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Carbon capture and impact - it depends

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Governmental responses to crisis
have better outcomes when they are based
upon scientific study rather than emotions


Ancient human disturbances may skew understanding of Amazon and its impact (Update)
January 10, 2017

Pre-European human populations of the Amazon Basin may have affected our contemporary understanding of the forest's structure and composition, and thus our calculations of its impact on carbon dioxide remediation, according to new findings published in the Proceedings of the National Academy of Sciences.
Researchers at Florida Institute of Technology, the University of Amsterdam, the University of Miami, and Wake Forest University report that forest plots in the Amazon Basin are primarily located in areas with a high probability of ancient human activity.
Our current understanding of the Amazon rainforest comes from a small network of fewer than 1,000 pieces of forest land spread out across the nearly 2.3-million-square-mile basin. Scientists have inventoried biodiversity and have been measuring how much and how fast Amazonian forests can absorb carbon dioxide from the atmosphere with the assumption that the plots were in their most pure state.
But if these plots are likely to have been disturbed by ancient people, which is what the new study implies, how much and how fast untouched Amazon forest can absorb carbon dioxide may not be completely accurate. Given the very long lifespan of some Amazonian trees, with some living for more than 400 years, many forest plot sites may still be recovering from past human disturbances. If so, these sites are growing faster than mature forests and may exaggerate the amount of carbon that can be absorbed by the forest as a whole.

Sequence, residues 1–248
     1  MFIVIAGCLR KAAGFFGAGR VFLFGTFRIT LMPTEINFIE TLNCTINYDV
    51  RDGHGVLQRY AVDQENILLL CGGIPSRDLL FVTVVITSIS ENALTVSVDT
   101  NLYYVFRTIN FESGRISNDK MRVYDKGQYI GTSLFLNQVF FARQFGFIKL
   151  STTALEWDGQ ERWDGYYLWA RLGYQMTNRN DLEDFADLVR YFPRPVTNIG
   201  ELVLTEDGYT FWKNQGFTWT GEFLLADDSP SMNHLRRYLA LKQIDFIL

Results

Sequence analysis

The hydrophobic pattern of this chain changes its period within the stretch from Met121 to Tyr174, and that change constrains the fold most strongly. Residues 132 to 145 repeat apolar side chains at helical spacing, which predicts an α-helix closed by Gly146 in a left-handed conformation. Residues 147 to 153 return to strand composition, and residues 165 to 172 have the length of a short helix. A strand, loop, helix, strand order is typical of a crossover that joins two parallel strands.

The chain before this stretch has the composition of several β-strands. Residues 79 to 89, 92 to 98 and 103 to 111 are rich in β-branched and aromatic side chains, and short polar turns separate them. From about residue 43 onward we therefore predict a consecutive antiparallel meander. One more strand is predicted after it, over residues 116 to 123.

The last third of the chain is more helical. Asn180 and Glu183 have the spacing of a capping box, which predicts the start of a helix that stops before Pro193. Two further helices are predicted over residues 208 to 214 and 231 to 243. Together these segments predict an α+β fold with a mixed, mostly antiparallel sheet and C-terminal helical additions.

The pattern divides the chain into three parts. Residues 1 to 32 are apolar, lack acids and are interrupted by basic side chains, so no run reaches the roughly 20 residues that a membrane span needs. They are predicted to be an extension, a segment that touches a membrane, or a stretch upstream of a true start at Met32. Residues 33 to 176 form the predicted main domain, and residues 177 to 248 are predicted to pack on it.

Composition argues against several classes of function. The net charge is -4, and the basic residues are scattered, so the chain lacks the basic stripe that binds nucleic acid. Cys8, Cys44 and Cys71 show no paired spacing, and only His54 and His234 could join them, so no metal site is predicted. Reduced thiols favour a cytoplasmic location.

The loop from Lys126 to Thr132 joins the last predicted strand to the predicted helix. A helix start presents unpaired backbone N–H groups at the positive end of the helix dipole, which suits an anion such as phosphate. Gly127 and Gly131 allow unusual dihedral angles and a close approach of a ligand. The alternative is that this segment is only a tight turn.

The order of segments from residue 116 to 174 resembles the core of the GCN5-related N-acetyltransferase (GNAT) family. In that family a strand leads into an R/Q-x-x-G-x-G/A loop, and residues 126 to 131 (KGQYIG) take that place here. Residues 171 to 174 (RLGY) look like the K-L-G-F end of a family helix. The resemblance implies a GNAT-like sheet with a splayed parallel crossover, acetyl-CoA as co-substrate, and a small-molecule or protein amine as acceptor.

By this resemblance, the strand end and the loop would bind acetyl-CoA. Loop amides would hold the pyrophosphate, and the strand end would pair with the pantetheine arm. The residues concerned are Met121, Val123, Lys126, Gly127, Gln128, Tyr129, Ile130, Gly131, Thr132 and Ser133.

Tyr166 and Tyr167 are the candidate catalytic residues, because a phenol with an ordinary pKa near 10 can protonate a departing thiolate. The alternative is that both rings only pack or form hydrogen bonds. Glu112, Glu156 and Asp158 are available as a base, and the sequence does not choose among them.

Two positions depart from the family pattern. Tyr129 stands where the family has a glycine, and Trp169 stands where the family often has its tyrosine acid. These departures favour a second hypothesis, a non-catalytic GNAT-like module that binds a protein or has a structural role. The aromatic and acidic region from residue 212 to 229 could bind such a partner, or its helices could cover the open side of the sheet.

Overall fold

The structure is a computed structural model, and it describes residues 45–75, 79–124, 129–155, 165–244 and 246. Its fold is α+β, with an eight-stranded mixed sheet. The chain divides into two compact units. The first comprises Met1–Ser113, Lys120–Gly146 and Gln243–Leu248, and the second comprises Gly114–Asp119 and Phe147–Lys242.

"We have sampled less than 0.0005 percent of the Amazon Basin, and all that we know about its ecology comes from this limited forest plot network," said Crystal McMichael, the lead author and professor at the University of Amsterdam and a former research scientist at Florida Tech. "We may need to reevaluate what we know about biodiversity and carbon budgets given that many of these forests may still be recovering from past disturbance."


There’s no one-size-fits-all solution to climate change

From the Field Museum

New study shows where carbon finance should — and shouldn’t — drive conservation efforts

The world’s forests are crucial to slowing climate change, but they’re often destroyed to make room for farms, mines, and other economic ventures. One possible solution to deforestation is carbon finance: giving companies and countries monetary incentives to reduce their climate change-causing carbon emissions from deforestation. But carbon finance isn’t in place on the large scale yet, and it’s unclear how effective it might be. A new study suggests that potential success for carbon finance varies widely–it can work under the right conditions, but it’s not a one-size-fits-all solution.

“Forests are one of the most important tools available to humanity for mitigating global climate change. This study tells us what the viable solutions might be in different areas,” explains the study’s lead author Ashwin Ravikumar, an environmental social scientist at The Field Museum in Chicago. “No one solution will work everywhere–we need to tailor solutions and funding streams to individual situations.”

In a paper published in Environmental Research Letters, Ravikumar, along with researchers from the Department of Forest Services in Finland and the Center for International Forestry Research in Peru, explores the potential benefits of carbon finance in various landscapes around the world. The team conducted a series of workshops in Indonesia, Peru, Mexico, and Tanzania, asking local farmers, politicians, NGO officers, and businesspeople to come up with their best guesses as to how business and farming might affect land use in the coming decades. The scientists then compared these hypothetical land uses to the current ones and determined how much money could be earned by countries working to conserve forests and reduce their carbon output. The results were hugely varied.

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